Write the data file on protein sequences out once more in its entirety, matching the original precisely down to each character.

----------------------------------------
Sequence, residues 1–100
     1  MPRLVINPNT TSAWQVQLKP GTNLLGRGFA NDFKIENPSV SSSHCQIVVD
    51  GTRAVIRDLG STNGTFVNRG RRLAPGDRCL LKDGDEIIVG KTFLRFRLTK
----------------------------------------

Sequence, residues 1–100
     1  MPRLVINPNT TSAWQVQLKP GTNLLGRGFA NDFKIENPSV SSSHCQIVVD
    51  GTRAVIRDLG STNGTFVNRG RRLAPGDRCL LKDGDEIIVG KTFLRFRLTK